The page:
Meat and Live­stock Aus­tralia has re­leased its lat­est quar­terly up­date, which pre­dicts a soft­en­ing mar­ket

North East & Goulburn Murray Farmer - - FRONT PAGE -

MEAT and Live­stock Aus­tralia has re­leased its quar­terly pre­dic­tion for the cat­tle mar­ket, and not sur­pris­ingly has pegged the mar­ket as one that will con­tinue to soften.

A poor July to Septem­ber rain­fall outlook for south­ern Aus­tralia - fol­low­ing the dry au­tumn – along with a 20-year low cow and heifer slaugh­ter rate and con­tin­ued volatile global mar­ket ac­tiv­ity have re­sulted in a mar­ket pro­jec­tion that is weaker than first thought.

The slowly build­ing na­tional cat­tle herd in­di­cates the peak of the cat­tle price is likely now be­hind pro­duc­ers, and down­ward pres­sure will con­tinue to slowly mount for the fore­see­able fu­ture.

De­spite this, Aus­tralian cat­tle prices are un­likely to drop back to pre-2013 lev­els, buoyed by some lin­ger­ing re-stocker ac­tiv­ity when pas­ture con­di­tions even­tu­ally im­prove.

In­ter­est­ingly, June 2017 marked a cross­roads for the Aus­tralian beef in­dus­try.

Eastern states’ slaugh­ter con­sis­tently tracked higher than year-ago lev­els for the first time in three years, while at the same time, cat­tle prices dropped be­low year-ago lev­els, also for the first time in three years.

These trends are likely to re­main in place for the re­main­der of 2017, and have a sig­nif­i­cant im­pact on price and pro­duc­tion ex­pec­ta­tions.

More specif­i­cally, cat­tle on feed re­main at record high lev­els, with num­bers across Aus­tralia in the March quar­ter in ex­cess of one mil­lion head.

Con­tribut­ing to the record high is a slower than usual turnoff rate - cat­tle be­ing re­tained on feed for longer.

Dur­ing the March quar­ter, the pro­por­tion of cat­tle mar­keted rel­a­tive to the num­ber on feed was 69 per cent, com­pared to the quar­terly av­er­age of 75 per cent over the past three years.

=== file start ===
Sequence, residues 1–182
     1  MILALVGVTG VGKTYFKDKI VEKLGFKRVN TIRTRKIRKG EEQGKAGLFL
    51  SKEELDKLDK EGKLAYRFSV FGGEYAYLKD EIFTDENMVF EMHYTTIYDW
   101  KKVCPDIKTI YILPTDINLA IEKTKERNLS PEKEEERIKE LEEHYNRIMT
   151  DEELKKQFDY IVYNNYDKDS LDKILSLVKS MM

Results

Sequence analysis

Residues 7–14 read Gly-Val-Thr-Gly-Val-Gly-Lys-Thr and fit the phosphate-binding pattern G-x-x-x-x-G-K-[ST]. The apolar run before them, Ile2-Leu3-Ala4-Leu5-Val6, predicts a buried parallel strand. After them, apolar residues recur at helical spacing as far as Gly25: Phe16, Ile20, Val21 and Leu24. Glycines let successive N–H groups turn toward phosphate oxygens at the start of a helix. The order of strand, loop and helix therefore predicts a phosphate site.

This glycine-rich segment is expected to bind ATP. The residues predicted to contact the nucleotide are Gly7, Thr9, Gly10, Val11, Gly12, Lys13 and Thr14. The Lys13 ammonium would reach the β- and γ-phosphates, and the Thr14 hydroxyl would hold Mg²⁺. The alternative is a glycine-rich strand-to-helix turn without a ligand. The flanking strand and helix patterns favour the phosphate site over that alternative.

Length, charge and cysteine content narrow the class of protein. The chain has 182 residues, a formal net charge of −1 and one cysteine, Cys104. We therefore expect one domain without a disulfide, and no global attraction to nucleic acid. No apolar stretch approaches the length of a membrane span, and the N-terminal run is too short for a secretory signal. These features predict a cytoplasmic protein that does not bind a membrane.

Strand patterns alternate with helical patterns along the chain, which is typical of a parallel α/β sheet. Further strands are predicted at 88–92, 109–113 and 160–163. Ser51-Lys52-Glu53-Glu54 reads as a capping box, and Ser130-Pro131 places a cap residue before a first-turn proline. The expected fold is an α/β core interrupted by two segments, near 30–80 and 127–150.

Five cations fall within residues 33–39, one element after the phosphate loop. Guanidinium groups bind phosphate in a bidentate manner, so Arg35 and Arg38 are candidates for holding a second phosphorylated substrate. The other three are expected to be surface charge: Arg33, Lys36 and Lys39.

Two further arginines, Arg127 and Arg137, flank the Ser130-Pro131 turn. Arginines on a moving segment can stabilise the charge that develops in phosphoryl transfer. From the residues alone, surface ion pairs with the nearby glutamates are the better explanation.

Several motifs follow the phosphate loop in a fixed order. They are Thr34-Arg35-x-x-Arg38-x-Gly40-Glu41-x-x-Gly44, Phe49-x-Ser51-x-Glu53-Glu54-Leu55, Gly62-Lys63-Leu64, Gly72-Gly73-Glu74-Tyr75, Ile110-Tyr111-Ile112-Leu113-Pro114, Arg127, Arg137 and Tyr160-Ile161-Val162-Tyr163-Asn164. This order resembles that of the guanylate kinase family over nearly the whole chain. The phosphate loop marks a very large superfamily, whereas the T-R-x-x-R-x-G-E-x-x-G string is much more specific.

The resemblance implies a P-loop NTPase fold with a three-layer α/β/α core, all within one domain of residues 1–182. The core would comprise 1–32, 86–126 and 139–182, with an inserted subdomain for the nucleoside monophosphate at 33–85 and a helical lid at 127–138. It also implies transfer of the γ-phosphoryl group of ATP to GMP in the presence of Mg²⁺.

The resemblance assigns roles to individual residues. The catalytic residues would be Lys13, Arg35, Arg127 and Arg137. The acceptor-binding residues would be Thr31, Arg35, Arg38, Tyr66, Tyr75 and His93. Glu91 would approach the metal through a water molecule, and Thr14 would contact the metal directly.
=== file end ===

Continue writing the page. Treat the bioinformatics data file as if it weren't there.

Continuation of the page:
This is a con­tin­u­a­tion of a trend that be­gan in 2016, and is one that is likely to hold for the sec­ond half of 2017, and into 2018.

This should re­sult in rel­a­tively strong feeder cat­tle buyer ac­tiv­ity and rea­son­ably high av­er­age car­case weights, even when fe­male cat­tle slaugh­ter is an­tic­i­pated to re­turn to more typ­i­cal lev­els in 2018.

Slaugh­ter num­bers con­tinue to con­firm that re-stock­ing seems to be pro­duc­ers’ main goal for the com­ing year.

Aus­tralian fe­male cat­tle slaugh­ter for the year-to-April high­lights not only the in­tent many pro­duc­ers have to re­plen­ish de­pleted herds, but also just how few cows and heifers ex­ist na­tion­ally in the wake of sev­eral years of drought liq­ui­da­tion.

After four months of 2017, fe­male cat­tle slaugh­ter was just 973,000 head – the low­est since 1995 and rep­re­sent­ing 45 per cent of the over­all adult kill, three per­cent­age points be­low the 10-year av­er­age (48 per cent).

De­spite pas­ture con­di­tions de­te­ri­o­rat­ing in some re­gions, and the poor rain­fall outlook, ex­pec­ta­tions are for the fe­male com­po­nent of the cat­tle kill to re­main be­low the 10-year av­er­age, sim­ply due to lim­ited avail­abil­ity and al­ready rel­a­tively low stock­ing rates.

The adult cat­tle kill was 13 per cent be­low 2016 lev­els, at 2.16 mil­lion head, after the first four months of the year (low­est since 1995).

How­ever, num­bers pro­cessed across the eastern states re­cov­ered in June and are an­tic­i­pated to re­main above year­ago lev­els for the rest of 2017.

A sig­nif­i­cant con­se­quence of the low fe­male cat­tle slaugh­ter, com­bined with high num­bers of cat­tle on feed, is that av­er­age car­case weights for the yearto-date were 296.3kg/head – a stag­ger­ing 7.8kg (3 per cent) in­crease on the pre­vi­ous record set in 2012.

While low fe­male cat­tle slaugh­ter was a sim­i­lar­ity be­tween the two pe­ri­ods, pas­ture con­di­tions were con­sid­er­ably bet­ter in 2012.

This meant that in 2012, the bulk of the weight was un­der­pinned by heavy grass-fed cat­tle, as op­posed to a greater pro­por­tion of grain fin­ished beef this time.

Car­case weights are an­tic­i­pated to re­duce slightly as the year pro­gresses, but stay above the long-term av­er­age for the re­main­der of 2017.

As a re­sult of the in­crease in cat­tle slaugh­ter, com­bined with heav­ier car­case weights, 2017 beef and veal pro­duc­tion is now es­ti­mated to be 2.17 mil­lion tonnes cwt, up 2 per cent year-on-year.

South Devon - An­gus first cross bull Aus­tralis cow

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